While anti-dumping duties are designed to protect domestic industries by achieving a level playing field, their effect can be negative for U.S. consumers. Ultimately, these laws can drive up the cost of imported products, eventually resulting in consumers paying higher prices for domestically produced goods.
May 2016 Crude Steel Production
World crude steel production for the 66 countries reporting to the World Steel Association (worldsteel) was 139 million tonnes (Mt) in May 2016, a -0.1% decrease compared to May 2015.
These 66 countries accounted for about 99% of total world crude steel production in 2015. (Go to worldsteel.org for more details). The top five steel producing countries are (as last reported in May 2015) China, Japan, India, United States and Russia, followed by Germany, Brazil, Turkey, and Ukraine to round out the top ten. Here is a table showing the world’s top 20 steel producers:
The Short Range Outlook for Steel Demand
The short-range outlook for steel, according to The World Steel Association forecasts another year of contraction in steel demand in China, but slow but steady growth in some other key regions including NAFTA (United States, Canada, and Mexico) and EU is expected.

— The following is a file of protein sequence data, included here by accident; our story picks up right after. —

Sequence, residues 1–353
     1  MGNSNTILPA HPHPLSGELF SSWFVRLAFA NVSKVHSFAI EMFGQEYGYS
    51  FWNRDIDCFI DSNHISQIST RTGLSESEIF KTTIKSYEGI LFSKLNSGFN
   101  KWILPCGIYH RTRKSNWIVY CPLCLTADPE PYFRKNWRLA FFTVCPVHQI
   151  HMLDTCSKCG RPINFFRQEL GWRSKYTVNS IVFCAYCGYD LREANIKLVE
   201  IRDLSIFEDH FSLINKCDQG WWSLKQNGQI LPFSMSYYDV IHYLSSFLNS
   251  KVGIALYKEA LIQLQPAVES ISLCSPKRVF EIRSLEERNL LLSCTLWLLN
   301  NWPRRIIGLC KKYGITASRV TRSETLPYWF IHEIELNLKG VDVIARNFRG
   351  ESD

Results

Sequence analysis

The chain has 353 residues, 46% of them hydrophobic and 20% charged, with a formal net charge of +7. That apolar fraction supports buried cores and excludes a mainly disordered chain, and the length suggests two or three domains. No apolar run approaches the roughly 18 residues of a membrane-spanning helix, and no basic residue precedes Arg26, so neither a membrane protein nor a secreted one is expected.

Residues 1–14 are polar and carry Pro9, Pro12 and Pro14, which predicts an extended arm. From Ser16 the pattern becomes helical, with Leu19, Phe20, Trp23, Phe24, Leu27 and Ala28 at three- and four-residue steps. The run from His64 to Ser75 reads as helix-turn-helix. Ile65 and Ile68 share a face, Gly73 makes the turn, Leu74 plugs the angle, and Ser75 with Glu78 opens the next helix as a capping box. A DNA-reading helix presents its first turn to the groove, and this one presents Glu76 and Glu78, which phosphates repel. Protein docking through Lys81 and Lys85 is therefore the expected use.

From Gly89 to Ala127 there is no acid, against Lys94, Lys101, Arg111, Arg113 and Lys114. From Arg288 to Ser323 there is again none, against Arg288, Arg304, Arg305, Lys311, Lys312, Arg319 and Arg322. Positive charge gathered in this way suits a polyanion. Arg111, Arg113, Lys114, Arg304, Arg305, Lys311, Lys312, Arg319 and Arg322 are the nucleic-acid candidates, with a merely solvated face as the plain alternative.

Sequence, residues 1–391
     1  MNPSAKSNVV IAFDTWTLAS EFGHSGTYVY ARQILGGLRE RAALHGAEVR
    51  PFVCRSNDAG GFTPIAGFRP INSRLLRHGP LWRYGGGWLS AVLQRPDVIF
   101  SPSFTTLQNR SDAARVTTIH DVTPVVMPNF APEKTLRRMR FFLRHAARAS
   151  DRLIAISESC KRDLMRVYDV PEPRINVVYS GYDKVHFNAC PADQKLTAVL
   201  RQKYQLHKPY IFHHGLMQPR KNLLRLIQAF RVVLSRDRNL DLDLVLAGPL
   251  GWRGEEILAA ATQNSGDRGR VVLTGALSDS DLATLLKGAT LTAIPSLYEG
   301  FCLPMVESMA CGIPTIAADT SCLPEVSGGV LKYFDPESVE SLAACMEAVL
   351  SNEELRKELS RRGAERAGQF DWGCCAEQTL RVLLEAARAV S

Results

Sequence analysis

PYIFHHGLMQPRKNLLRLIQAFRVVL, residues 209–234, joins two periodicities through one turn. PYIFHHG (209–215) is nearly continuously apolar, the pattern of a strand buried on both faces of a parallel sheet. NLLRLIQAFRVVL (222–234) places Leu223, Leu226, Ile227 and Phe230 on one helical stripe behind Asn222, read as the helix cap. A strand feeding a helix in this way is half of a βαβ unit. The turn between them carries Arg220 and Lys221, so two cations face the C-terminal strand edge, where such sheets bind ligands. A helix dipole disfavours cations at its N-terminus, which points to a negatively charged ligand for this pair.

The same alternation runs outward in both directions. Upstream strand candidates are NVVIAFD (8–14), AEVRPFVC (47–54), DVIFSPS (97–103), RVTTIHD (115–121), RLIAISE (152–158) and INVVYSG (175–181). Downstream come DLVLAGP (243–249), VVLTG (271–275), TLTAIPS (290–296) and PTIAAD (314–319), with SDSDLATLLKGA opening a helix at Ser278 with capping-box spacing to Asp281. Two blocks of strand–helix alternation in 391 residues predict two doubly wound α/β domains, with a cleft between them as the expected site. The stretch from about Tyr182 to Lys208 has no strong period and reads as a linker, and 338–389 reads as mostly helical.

In the US, steel demand countered by the fall in oil prices and a strong dollar, but an improving job market and a robust housing sector will ultimately support steel demand. A mild recovery in steel demand in the EU continues due to improving economic sentiments and investment conditions, but uncertainties in the political landscape related to the refugee crisis and Brexit raises some risks. Brazil and Russia are struggling with their internal and structural issues, and steel demand in both economies is expected to contract strongly. worldsteel predicts steady recovery momentum particularly in India, the MENA and ASEAN regions. India’s prospects are looking up due to low oil prices, the reform momentum and policies to increase infrastructure and manufacturing output. Steel demand in Turkey is expected to grow, supported by the government’s focus on pro-growth economic policies and low oil prices.
Overall, growth for steel demand in all markets except China is expected in 2017. (worldsteel Short Range Outlook 2016-2017, worldsteel.org)
Steel Surcharges Explained
The volatility in the worldwide steel market is the reason suppliers add a steel surcharge on raw materials. The purpose of the steel surcharge is to offset the rapid rise and fluctuating costs of the raw materials and energy used to manufacture the products. The surcharge is an additional charge, usually per pound, that is added to the base price.
This surcharge can make it difficult to predict the cost of components at any given time; therefore, it’s wise to question your vendor about the effect of steel surcharges on your final price so that you understand what can happen to your purchase price before the order is made, and what can happen to it upon shipment.